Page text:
Last weekend Burning Eye headed to Conway Hall in London for The Poetry Bookfair put together by Free Verse. If you’ve never been to a poetry book fair, it’s a bit like a cake sale but with poetry books. We were very pleased to be returning to the fair after having a year out last year.
In comparison to our last trip to the bookfair, the Burning Eye showcase was drastically more populated (in 2014, there were four people and a dog in the room and the dog was the by mistake). This year the room was packed with people wanting to hear performances from our featured poets Jemima Foxtrot and Saboteur Award-winner Emily Harrison. Laurie Bolger was unfortunately ill and unable to perform so I read a few poems from #BoxRooms on her behalf. (It was actually an effort not to slip into a west London twang when reading!) We were pleasantly surprised by the turn out and even more surprised at how many books we sold throughout the day – much more than any other year. Is this because spoken word and performance poetry are starting to make waves and the keepers of ‘good poetry’ are starting to pay attention to this art form? We think so. Kate Tempest’s (the gateway poet) name cropped up several times in conversations with people who stopped by the stall and it was nice to see some engagement in what we had to say and sell. Many ‘oh I didn’t know you publish this person!’ and ‘I’ve HEARD of this poet’ and similar comments throughout the day gave me in the impression that spoken word and performance poetry are slowly receiving some validation from traditional poetry outlets, which can only be a good thing for the future of modern poetry and for us, of course!
We are always interested to know how our poets get on after they release a book and what difference it makes to their careers. After our showcase, Emily and I snuck off to the pub to have a chat about how she’s been getting on.
Emily and I order rum and sit in the pretty pub garden and I ask about the moment the first box of ‘I Can’t Sleep Cause My Bed’s on Fire’ arrived. She describes how after picking it up from the local off-licence (so fitting) she took it back to her place, opened a bottle of wine and laid them all out in a decadent display. She describes how this was the moment that had driven her through the long process of putting the collection together. We talk about her book launch which took place a few months after the initial release date of the book because Emily was finishing her teacher training. She cleverly coincided the launch with her birthday in July so that all of her loved ones would have to turn up. All her friends chose a poem to read, and I spy that Emily’s copy has messages scribbled in from each of them next to their chosen poem which is a really lovely thing to see. The launch doubled as a fundraiser for MIND (mental health support) and Refuge (domestic violence support). It was important, Emily explains, that her launch raised awareness of mental health as so much of her book tackles the stigmas that surround this topic. She also gave out Time to Change information, another mental health organisation that Emily has collaborated with. We talk a little more about the stigmas around mental health and she tells me that the book is dedicated to her friend Josh who took his own life, which is why she also used her launch to raise money and awareness for CALM. Emily is creating conversations and breaking down stigmas with her collection, and by it’s obvious popularity, this platform is relevant and really needed.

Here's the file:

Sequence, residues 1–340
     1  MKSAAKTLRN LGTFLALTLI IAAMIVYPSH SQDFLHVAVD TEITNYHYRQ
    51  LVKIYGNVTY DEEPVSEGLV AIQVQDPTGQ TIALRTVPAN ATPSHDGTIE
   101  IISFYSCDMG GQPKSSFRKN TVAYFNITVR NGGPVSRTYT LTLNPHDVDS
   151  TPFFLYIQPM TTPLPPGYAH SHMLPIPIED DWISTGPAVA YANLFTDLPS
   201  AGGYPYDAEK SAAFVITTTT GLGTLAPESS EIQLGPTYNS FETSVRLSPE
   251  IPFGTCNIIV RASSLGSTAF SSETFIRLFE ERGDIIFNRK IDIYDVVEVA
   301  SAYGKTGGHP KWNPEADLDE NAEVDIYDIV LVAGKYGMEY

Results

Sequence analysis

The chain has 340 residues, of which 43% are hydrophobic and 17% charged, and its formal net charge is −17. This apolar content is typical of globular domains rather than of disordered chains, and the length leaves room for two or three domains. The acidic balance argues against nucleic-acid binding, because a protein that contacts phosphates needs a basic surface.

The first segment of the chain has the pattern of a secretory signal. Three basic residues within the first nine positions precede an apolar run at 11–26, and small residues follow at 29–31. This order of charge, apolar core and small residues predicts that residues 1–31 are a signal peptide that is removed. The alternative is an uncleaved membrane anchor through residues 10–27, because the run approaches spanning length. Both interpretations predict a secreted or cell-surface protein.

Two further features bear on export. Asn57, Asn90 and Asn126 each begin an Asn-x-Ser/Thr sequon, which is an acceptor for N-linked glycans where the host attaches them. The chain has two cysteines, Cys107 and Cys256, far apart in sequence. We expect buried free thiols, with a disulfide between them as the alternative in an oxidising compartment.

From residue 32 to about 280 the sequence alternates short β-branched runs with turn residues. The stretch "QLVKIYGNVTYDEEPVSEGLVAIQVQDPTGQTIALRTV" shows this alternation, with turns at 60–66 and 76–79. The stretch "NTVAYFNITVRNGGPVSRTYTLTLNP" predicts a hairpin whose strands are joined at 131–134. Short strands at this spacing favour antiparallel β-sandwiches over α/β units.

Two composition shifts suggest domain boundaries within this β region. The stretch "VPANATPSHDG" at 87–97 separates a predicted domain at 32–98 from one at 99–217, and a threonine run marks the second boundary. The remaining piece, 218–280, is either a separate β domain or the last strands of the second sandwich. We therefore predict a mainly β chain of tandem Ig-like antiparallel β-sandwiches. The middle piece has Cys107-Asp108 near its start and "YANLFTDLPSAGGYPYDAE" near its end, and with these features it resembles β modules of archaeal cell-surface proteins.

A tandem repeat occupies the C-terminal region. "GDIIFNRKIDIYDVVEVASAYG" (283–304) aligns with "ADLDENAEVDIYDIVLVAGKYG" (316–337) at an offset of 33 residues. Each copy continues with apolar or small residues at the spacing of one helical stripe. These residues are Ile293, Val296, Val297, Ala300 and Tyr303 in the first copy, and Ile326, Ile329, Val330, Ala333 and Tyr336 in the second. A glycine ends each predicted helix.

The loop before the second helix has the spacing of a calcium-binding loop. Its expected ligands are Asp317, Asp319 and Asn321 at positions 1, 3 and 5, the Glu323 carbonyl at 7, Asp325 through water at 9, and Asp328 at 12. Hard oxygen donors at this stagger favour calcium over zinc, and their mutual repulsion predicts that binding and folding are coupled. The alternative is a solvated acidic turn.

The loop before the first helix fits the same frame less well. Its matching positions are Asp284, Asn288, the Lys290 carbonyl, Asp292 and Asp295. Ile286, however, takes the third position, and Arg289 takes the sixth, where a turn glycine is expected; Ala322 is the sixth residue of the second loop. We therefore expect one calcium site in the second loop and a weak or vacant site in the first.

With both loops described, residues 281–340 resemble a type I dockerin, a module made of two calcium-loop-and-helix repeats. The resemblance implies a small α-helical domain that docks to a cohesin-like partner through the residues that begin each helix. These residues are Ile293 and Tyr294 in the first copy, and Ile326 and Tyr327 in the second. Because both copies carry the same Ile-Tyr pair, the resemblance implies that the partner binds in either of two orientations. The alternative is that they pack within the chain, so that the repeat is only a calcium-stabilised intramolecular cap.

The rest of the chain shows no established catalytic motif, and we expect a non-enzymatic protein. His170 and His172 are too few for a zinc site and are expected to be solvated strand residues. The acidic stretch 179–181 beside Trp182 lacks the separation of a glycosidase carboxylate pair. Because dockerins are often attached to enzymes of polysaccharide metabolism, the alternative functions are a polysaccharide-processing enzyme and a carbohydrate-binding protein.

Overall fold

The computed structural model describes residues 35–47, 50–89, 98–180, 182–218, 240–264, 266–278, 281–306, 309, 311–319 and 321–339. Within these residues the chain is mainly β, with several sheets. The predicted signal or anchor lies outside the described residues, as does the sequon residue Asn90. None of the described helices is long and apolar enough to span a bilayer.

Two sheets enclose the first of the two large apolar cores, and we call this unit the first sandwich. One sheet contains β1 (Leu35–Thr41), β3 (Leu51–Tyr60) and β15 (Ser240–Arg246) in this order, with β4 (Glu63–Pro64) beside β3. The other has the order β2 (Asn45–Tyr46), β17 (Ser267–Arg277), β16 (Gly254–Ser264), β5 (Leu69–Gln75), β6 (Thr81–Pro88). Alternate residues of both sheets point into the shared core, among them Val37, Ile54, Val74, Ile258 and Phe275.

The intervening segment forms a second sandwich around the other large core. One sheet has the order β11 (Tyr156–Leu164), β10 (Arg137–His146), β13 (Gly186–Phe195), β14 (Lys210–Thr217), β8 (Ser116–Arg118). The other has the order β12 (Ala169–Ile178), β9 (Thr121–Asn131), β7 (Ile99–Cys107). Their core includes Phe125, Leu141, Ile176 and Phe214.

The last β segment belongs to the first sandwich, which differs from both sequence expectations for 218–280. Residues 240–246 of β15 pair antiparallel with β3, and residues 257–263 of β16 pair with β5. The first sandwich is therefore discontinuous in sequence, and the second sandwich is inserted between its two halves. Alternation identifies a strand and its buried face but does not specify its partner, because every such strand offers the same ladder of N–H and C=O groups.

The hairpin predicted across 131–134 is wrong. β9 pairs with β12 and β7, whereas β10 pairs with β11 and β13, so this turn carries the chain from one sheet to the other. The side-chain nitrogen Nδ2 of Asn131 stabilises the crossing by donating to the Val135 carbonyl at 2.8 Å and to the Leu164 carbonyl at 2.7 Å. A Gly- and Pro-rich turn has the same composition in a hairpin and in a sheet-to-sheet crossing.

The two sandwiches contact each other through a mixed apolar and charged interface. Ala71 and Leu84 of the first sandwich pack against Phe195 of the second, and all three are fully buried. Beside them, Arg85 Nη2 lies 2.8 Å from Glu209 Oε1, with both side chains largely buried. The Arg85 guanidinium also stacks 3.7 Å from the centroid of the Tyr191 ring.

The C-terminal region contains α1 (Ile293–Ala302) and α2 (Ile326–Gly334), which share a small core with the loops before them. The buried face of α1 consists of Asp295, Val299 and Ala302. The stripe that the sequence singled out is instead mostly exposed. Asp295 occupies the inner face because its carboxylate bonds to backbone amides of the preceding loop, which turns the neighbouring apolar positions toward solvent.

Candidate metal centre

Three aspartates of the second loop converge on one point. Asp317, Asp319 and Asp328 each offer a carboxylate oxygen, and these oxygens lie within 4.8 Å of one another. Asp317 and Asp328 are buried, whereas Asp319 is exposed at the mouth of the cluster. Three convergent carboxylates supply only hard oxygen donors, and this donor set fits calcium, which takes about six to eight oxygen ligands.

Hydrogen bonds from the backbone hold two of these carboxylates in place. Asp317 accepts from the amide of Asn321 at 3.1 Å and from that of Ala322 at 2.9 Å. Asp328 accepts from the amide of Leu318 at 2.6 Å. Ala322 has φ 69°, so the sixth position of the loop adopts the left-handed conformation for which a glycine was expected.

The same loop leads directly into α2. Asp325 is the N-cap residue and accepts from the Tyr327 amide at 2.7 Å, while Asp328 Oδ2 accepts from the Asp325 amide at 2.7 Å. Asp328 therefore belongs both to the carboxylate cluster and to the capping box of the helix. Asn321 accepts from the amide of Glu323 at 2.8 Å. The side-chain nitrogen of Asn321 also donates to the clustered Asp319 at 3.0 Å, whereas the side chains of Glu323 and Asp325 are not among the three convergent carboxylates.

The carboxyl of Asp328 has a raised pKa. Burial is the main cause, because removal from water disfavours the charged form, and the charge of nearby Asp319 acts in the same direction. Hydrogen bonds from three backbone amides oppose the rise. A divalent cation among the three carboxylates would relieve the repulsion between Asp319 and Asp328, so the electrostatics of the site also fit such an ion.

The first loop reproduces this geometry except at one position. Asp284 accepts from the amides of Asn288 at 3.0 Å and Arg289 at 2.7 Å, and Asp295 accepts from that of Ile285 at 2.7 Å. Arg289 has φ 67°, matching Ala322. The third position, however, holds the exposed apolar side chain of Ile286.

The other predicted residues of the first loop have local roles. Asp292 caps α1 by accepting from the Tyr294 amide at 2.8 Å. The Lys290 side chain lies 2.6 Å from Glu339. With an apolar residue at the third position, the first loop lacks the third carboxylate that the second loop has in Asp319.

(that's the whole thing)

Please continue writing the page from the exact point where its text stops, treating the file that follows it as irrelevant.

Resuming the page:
We move on to talk about poetry life after the book. Emily talks about how great it is to have something tangible to pass on to people and we discuss how having a book to sell on is a great extension of your usual twenty minute set; how it’s a great tool for sharing and starting conversations on subjects featured in the book. Emily mentions that having a book is a confidence boost – that her writing is validated and she can afford to slow down a little now that she is getting steady gig offers. We briefly touch on the possibility of doing a book tour in the future.
The rum is getting dangerously low so we wrap up by discussing Emily’s favourite poem from the book: ‘Go home and Stop Grinning at Everyone’. This is the last poem and is a nod to all the characters (amalgamations of people in real life) in the book who have taken something from her along the way. It is a personal sign off by a vulnerable and headstrong author which ensures that she has the last word.
A long but a really great day was had at The Poetry Bookfair. A big thank you to Chrissy Williams and Joey Connolly for organising another successful event without Arts Council Funding this year. It was lovely to catch up with publishing pals from all over including Sidekick Books, Happenstance, Nine Arches Press, The Emma Press, Proletarian Poetry and Lunar Poetry Podcasts. Special mention to Rebecca Robinson from Inpress and Eleanor Livingstone of the Stanza International Poetry Festival.